US bid to sanction China shows its failed policy toward Iran: Analyst


Sat Jul 13, 2019 12:54AM

A move by the United States to impose sanctions against China for importing crude oil from Iran shows Washington has failed in its “maximum pressure policy toward” the Islamic Republic, says a political analyst.

Senior Donald Trump administration officials are pushing sanctions against China claiming the Asian power defied American sanctions when it imported more than a million barrels of crude oil from Iran last month, according to three US officials.

The US State Department had considered using an Obama-era loophole to issue a waiver allowing Chinese companies to receive Iranian oil as payment for their investment in an Iranian oil field, violating the Trump administration’s earlier pledge to bring Iranian oil exports down to zero. The plan, however, has been discarded.

Now, hawkish officials on the US National Security Council are considering imposing sanctions on Chinese entities amid already worsening ties between the two countries on trade issues, the Politico website reported on Thursday.

This move “illustrates the bankruptcy of America’s maximum pressure policy toward Iran,” James Jatras, a former Senate foreign policy adviser in Washington, told Press TV on Friday.

“Threatening sanctions against china is not a small thing and I think that’s one reason some people within the administration were anxious to avoid it.”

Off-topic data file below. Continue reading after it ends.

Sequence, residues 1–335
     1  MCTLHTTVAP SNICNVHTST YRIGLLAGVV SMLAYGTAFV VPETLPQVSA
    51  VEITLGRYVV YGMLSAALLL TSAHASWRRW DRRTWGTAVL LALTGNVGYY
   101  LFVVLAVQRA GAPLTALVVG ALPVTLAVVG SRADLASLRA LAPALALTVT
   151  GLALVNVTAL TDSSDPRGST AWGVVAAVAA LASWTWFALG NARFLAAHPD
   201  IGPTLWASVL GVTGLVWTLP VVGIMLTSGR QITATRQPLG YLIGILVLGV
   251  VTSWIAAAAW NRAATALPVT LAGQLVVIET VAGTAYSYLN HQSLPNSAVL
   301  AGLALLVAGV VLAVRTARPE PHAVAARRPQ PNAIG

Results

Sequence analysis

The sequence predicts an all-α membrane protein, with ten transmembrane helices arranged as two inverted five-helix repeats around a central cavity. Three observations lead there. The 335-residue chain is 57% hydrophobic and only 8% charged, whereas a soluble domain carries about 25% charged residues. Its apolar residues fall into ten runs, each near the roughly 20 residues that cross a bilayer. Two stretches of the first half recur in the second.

He went on to say that the Trump administration officials “cannot come to grips with is that they are overextending American power and credibility by threatening things that they simply are not in a position to carry out.”

The Trump administration has been trying to reduce Iran’s oil exports to zero to increase “maximum pressure” on Tehran. It has had some success in persuading several of Iran’s largest oil buyers like India, Japan, South Korea and Turkey to curb their purchases but it could not achieve its stated objective of bringing Iran’s crude exports to zero.

As Iran’s largest oil buyer, China has defied the Trump administration’s demand that it gradually bring the imports to zero. Some of the countries, which have robust trade, diplomatic and security relationship with the US, are still buying significant volumes of Iranian oil.

Much of the rhetoric from the State Department has specified that the US is targeting purchases — rather than imports — of Iranian oil, a distinction that will become important under the law if the department decides to give China a pass.

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